Should you agree to be the executor of someone’s estate?
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Should you agree to be the executor of someone’s estate?

On Behalf of | Jun 11, 2021 | estate administration |

A good friend asked you to be the executor of their estate. Or perhaps  was your parents or a sibling. You feel honored that they trust you with such a big responsibility.

But you’re not exactly sure you’re the right person for the job. Should you agree to handle their estate when the time comes — or take a pass?

Things to consider before agreeing to be someone’s executor

It’s important to take a step back and look at all of the possible problems you could encounter as an executor before you take the job. Here’s what you need to consider:

  1. How’s your age and health? If you’re getting on in years or have complicated health issues, you may not be available to serve as their executor. The job could also simply be too demanding for you.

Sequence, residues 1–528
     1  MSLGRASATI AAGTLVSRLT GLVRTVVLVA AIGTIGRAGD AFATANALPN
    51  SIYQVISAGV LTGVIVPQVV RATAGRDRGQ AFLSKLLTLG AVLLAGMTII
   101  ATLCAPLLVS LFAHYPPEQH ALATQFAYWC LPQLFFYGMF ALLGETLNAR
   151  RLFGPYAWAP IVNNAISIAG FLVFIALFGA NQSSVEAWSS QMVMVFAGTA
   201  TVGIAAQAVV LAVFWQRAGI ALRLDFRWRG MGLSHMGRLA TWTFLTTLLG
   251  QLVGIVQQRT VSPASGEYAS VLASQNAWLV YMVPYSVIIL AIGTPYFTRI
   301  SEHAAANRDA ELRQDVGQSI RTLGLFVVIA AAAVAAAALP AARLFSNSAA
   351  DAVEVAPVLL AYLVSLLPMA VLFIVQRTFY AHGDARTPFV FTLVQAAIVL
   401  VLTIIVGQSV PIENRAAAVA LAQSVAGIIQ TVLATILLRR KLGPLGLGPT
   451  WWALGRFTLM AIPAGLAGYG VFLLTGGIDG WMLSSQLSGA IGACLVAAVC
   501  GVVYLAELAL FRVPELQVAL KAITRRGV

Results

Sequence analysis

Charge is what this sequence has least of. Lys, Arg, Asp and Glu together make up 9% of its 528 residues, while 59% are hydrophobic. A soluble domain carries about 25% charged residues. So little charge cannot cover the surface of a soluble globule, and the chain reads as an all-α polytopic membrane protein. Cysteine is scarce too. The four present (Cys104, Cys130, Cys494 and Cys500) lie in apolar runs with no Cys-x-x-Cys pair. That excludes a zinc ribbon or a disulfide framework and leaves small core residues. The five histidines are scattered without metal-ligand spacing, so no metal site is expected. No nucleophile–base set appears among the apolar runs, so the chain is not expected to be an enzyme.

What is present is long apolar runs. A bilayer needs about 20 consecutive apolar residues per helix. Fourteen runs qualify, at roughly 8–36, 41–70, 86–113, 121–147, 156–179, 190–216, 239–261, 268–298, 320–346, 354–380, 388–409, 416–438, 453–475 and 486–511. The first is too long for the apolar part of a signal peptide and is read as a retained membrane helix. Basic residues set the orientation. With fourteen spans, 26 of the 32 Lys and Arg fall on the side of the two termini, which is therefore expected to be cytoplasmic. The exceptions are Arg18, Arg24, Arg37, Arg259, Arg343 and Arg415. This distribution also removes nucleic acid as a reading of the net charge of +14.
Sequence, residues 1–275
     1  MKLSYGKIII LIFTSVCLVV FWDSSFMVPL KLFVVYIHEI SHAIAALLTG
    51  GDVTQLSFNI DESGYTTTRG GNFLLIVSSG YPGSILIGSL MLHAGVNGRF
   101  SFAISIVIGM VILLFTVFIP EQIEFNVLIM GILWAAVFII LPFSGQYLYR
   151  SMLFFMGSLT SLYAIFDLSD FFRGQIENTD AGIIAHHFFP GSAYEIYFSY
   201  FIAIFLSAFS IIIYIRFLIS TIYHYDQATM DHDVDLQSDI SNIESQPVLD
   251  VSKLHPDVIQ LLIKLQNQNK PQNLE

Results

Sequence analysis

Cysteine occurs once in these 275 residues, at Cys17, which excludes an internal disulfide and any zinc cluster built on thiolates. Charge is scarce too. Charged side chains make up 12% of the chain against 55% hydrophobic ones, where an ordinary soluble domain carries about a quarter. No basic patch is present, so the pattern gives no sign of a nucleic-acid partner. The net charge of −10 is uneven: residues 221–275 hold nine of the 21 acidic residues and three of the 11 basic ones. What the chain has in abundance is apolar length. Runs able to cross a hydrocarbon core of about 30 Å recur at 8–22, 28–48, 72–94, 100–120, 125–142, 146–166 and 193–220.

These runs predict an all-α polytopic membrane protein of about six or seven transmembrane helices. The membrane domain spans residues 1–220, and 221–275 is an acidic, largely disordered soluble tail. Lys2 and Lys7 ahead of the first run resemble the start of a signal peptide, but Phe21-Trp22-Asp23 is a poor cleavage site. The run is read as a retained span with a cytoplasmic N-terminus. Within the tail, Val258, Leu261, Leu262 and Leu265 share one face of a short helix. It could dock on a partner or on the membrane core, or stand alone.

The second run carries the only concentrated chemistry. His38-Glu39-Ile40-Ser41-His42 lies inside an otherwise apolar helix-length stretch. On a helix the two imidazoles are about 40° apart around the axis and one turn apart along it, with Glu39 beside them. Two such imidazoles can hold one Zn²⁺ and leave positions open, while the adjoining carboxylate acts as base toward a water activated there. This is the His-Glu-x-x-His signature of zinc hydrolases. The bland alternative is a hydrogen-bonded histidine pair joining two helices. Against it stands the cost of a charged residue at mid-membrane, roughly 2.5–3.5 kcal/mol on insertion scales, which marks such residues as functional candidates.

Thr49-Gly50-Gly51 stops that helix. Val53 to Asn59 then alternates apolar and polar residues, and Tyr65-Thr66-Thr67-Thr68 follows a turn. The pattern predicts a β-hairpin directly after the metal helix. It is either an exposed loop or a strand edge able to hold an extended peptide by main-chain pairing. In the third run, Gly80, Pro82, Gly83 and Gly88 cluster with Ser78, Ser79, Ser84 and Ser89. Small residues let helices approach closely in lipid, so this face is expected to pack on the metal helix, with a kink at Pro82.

2. Do you have the time? You’re already pressed for time in your daily routine due to your career or familial obligations, so do you really have the time to spare for this job? Handling someone’s estate is neither easy nor quick.
  3. Do you live locally? If you live in a different state than your parents, for example, you could end up with a lot of unexpected complications and expenses as you travel back and forth to handle their estate.
  4. Can you manage the heirs? Sometimes, family dynamics can be explosive following a death. If you aren’t up to the drama or conflict, it may be wiser to pass on the job.
  5. Is there a co-executor? If so, that means everything has to go through you both. How do you feel about working with the other person? What are your personal dynamics with them? If you don’t get along or you don’t think they’re reliable, that could be a problem.
  6. Do you understand your liabilities? As the executor, you have to preserve the estate’s assets, pay the bills, file the deceased’s final taxes and distribute inheritances. If anything goes wrong, you could be on the hook financially for the estate’s losses.

Ultimately, if you decide to accept the role, don’t hesitate to reach out for legal assistance as the estate moves through probate. That’s often the best way to minimize potential problems.